- MassWildlife's Natural Heritage & Endangered Species Program
- Division of Fisheries and Wildlife
Media Contact for Northeast states receive a federal grant to coordinate rare turtle conservation efforts
Marion Larson, MassWildlife
Once abundant in many rivers and streams in Massachusetts, over the past few decades wood turtle populations have experienced serious declines throughout their range from Virginia to Nova Scotia. The major contributing factors include habitat fragmentation from human development, dam construction, and illegal collection from the wild. The wood turtle has been designated as a Regional Species of Greatest Conservation Need by the Northeast Association of Fish and Wildlife Agencies and conservation partners across the northeast states have been helping this rare turtle by finding ways to work together.
The US Fish and Wildlife Service recently selected a Competitive State Wildlife Grant for funding entitled “Regional Conservation for Wood Turtles and Related Emydine Turtles” led by the Massachusetts Division of Fisheries and Wildlife (MassWildlife) along with other partner state agencies in the northeast. The multi-year grant will provide a more strategic approach to conserving important populations and minimizing declines. Partners will follow recommendations in their regional conservation plan for the wood turtle, developed with support of an earlier Competitive State Wildlife Grant.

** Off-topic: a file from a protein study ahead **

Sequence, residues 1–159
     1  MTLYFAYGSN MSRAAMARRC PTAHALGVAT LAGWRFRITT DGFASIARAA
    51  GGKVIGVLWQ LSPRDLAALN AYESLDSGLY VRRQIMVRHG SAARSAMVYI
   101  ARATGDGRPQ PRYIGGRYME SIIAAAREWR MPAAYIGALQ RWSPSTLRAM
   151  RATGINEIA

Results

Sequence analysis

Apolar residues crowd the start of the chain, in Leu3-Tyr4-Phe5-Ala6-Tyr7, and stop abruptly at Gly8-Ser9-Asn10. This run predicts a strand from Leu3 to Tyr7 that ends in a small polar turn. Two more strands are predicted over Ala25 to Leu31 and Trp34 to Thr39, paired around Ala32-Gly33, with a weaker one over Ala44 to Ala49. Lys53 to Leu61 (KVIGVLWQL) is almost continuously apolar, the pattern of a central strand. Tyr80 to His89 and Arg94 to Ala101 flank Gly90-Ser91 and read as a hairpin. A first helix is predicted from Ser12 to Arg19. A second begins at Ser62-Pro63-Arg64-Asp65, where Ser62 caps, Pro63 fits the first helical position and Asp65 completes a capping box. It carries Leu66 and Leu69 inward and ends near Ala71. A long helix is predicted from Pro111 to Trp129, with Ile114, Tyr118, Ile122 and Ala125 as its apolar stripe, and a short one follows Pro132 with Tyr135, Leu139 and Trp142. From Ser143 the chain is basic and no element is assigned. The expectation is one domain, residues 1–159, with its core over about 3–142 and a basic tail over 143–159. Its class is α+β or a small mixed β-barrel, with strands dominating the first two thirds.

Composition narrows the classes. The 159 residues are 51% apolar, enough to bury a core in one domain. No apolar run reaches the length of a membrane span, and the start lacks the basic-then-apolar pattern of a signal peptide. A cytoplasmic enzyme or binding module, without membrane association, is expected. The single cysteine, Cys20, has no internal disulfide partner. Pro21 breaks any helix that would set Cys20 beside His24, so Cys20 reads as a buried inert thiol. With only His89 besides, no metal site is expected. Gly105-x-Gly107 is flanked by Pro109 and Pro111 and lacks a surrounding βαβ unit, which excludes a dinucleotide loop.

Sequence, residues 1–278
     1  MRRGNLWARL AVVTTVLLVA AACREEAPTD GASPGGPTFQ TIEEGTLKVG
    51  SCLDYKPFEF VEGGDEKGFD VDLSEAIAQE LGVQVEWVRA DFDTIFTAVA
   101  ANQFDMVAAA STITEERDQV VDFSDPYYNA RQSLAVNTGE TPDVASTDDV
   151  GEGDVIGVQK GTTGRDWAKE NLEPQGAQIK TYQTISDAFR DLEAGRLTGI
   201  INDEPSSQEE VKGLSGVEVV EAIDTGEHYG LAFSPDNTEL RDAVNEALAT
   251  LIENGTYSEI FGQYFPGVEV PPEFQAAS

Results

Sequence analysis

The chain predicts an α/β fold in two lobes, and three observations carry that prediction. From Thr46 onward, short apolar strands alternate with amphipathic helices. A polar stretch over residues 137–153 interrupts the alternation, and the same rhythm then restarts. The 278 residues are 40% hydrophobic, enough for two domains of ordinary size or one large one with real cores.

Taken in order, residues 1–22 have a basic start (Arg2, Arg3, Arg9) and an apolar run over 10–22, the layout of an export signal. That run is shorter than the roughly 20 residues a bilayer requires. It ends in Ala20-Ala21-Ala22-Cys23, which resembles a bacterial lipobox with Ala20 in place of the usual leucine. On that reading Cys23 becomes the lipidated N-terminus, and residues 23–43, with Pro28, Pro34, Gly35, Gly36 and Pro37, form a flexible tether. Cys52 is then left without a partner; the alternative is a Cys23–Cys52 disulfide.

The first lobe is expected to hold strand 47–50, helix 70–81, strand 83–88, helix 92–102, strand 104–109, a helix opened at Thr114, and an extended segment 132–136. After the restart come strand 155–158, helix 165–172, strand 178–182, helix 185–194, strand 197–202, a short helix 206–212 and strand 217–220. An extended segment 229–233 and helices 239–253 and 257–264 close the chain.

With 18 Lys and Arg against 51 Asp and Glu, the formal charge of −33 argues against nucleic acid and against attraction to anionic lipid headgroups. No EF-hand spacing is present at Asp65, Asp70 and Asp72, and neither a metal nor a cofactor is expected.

“For over 10 years, the northeastern states have been working together to identify, prioritize, and implement conservation actions for wood turtles,” said Mike Jones, State Herpetologist for MassWildlife. “This Competitive State Wildlife Grant will allow us to implement time-sensitive actions at the region’s most important wood turtle sites.”
The Northeast Wood Turtle Working Group has collaborated on data collection techniques, analyzed data from thousands of field surveys by volunteers and biologists, and began a comprehensive genetics analysis to identify relationship patterns between wood turtle populations in different places.
Actions to support wood turtles will benefit other species as well, including freshwater mussels, fish, amphibians, and other turtle species.
In addition to habitat protection, restoration, and voluntary technical assistance to interested private landowners, the project involves specific efforts to mitigate road mortality and illegal collection of wood turtles.
As part of a coordinated response to this threat, the grant will support housing of up to 50 confiscated wood turtles for up to three years in a secure facility run by trusted partners. Bristol County Agricultural School in Dighton, Massachusetts, has worked with MassWildlife for the past decade to provide temporary foster homes to hatchling endangered northern red-bellied cooters (another native turtle) as part of a successful restoration effort.
“Whatever is helpful to the turtles and to MassWildlife is a good educational experience for our kids,” said Bristol Aggie’s Natural Resource Department Chair Brian Bastarache, who oversees the school’s turtle project operations. “This is real conservation work that gives them an opportunity to apply what they learn in classroom.” The school is currently undergoing a major capital improvement project on campus, including four new labs that will quadruple their holding capacity for turtles.
Fittingly, care and feeding for continued collaboration between states is another element of the grant. For example, a turtle conservation meeting will be held in 2022 on wood turtle and related high-priority turtle species. This event will bring together experts and specialists from across the range who are working on similar problems and will result in new partnerships and conservation projects across state lines.